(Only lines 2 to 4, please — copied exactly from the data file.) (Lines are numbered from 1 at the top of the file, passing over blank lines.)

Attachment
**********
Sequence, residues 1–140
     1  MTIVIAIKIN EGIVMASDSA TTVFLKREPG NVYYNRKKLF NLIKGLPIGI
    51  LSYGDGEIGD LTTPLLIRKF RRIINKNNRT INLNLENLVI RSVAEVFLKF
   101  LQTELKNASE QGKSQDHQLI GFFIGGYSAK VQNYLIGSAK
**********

     1  MTIVIAIKIN EGIVMASDSA TTVFLKREPG NVYYNRKKLF NLIKGLPIGI
    51  LSYGDGEIGD LTTPLLIRKF RRIINKNNRT INLNLENLVI RSVAEVFLKF
   101  LQTELKNASE QGKSQDHQLI GFFIGGYSAK VQNYLIGSAK